When a stage show is stripped down, meaning it does not have dancers, lasers, pyrotechnics and whatnot, it forces the audience to really pay attention to the music itself. Having distractions on stage like pyrotechnics and dancers provides more eye candy, so the audience might not pay attention as closely to if a note is hit wrong, as they are focused more upon other stuff on the stage. Not saying one approach is better, just different, and having a stripped down show that is more raw leaves the audience better able to critique the show, as they don’t have those other distractions from the music itself.
That being said, even without those additional elements on stage, The Pretty Reckless still did an awesome job, and I don’t think too many people had too much to critique in a negative fashion. You still have a blonde bombshell to focus on, so there’s still that element of sexiness. They played awesome.
Motionless in White, another band that had previously played the Fort Rock Festival, must have taken some notes from In This Moment, as they added a sexy element this year, having a girl on stage wearing a clown mask to amp up the audience. Motionless in White was a band that had some of the makeup elements to create a mood previously, and while they still wore makeup, they didn’t wear quite as much as they had before, and they added this sexpot chick to the stage element. Again, they improved their show, tightened up their sound, and one of my students said that she has been a fan of them for years, and that their sound is improving right along with her music knowledge, so she is growing with them.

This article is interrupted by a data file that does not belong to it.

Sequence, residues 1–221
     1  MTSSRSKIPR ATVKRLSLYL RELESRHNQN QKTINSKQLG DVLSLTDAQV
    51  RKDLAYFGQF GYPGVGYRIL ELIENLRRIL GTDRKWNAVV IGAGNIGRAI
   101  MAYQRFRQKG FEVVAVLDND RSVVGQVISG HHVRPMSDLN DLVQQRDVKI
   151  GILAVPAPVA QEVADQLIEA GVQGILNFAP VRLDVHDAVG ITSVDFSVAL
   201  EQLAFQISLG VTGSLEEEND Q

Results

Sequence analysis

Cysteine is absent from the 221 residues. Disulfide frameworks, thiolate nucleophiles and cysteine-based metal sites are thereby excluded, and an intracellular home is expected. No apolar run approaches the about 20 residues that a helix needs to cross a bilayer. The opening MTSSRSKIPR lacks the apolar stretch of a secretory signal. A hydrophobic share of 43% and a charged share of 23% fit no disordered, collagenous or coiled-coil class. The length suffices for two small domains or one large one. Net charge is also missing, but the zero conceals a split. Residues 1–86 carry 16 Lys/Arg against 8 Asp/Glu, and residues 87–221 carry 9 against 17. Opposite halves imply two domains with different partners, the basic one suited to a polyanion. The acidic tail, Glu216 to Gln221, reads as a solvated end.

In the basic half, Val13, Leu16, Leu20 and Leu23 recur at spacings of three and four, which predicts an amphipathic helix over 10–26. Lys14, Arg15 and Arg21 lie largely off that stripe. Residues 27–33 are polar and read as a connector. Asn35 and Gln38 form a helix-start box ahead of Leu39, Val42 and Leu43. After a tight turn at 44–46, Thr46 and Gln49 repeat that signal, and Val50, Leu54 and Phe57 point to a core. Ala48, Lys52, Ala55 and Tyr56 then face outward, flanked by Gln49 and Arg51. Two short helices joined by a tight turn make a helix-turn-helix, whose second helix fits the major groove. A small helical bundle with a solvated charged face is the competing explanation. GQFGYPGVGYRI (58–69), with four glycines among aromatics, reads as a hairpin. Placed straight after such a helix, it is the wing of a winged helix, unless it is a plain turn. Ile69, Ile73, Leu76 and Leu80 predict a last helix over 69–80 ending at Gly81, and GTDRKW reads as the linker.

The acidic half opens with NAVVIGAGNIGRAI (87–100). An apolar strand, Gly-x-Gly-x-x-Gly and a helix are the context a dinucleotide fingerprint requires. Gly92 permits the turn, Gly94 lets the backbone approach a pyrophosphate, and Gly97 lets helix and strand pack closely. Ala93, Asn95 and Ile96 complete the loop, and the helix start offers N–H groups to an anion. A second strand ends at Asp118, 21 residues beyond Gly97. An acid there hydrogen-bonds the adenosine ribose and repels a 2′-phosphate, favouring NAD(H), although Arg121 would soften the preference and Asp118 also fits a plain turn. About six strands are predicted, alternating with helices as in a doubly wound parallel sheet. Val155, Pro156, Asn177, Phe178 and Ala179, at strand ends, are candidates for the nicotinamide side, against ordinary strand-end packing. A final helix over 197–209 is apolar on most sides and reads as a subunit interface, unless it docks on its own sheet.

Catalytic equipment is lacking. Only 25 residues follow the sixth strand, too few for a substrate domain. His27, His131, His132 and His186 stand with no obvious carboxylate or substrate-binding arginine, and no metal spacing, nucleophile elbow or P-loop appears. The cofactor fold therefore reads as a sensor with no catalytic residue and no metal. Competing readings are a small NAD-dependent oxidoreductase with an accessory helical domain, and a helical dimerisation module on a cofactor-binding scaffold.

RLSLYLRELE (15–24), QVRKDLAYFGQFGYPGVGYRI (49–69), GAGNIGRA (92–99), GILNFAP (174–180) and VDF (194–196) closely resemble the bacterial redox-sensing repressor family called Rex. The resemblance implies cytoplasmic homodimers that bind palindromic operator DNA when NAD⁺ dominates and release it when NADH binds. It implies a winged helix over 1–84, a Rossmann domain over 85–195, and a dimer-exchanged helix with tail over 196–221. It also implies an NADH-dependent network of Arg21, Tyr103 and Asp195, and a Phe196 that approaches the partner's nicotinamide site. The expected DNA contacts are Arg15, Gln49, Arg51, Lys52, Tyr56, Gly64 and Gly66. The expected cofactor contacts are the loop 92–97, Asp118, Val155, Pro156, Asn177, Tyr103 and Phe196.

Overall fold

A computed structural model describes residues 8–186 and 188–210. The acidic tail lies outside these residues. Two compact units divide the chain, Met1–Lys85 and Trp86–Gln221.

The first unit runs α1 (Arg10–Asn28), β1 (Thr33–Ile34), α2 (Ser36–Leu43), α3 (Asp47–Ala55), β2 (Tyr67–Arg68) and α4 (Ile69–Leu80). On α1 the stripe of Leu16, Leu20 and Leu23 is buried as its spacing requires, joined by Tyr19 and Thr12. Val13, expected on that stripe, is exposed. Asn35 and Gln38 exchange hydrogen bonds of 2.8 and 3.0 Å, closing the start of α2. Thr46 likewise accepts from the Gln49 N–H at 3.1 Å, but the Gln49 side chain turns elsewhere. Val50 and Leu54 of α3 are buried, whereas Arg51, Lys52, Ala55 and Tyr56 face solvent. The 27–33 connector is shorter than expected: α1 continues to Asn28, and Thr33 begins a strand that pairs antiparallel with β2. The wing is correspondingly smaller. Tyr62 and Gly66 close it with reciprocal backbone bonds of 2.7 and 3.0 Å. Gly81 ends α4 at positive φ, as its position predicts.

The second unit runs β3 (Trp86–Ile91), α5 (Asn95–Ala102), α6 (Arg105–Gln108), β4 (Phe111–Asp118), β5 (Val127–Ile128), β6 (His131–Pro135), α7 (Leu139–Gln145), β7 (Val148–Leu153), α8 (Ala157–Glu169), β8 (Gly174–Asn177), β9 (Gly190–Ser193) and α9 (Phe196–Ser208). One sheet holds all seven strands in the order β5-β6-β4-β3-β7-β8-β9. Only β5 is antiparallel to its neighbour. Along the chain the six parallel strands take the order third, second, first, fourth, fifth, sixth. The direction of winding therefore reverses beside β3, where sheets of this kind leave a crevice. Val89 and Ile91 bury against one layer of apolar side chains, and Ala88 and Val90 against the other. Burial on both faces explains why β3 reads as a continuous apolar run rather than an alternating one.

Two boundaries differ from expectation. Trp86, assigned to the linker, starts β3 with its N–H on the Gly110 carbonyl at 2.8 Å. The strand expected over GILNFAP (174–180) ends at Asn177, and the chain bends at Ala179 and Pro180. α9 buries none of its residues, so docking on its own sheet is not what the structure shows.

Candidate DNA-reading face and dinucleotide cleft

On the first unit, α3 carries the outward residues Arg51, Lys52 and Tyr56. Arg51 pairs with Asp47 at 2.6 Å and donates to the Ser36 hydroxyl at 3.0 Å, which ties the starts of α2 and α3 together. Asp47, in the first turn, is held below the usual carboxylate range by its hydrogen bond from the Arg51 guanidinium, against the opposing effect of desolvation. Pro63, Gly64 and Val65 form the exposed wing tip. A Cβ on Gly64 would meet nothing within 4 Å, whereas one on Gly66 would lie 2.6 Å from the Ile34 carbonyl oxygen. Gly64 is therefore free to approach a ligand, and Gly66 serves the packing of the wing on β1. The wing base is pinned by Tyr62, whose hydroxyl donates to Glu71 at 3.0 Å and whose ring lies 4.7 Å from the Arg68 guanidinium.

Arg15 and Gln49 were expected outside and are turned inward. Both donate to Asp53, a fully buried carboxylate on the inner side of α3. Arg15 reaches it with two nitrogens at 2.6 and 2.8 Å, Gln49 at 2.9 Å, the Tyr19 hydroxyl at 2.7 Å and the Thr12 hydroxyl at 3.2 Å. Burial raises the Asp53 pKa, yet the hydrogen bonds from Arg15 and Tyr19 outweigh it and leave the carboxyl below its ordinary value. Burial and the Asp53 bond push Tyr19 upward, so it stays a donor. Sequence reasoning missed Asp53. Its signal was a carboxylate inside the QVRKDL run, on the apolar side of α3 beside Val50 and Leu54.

It’s interesting to note those musical improvements over the years, as well as improvements to their live show. They were another band that was great before, but you can see the improvements just in a short couple of years. It makes you proud to watch a band like that improve before your eyes over time.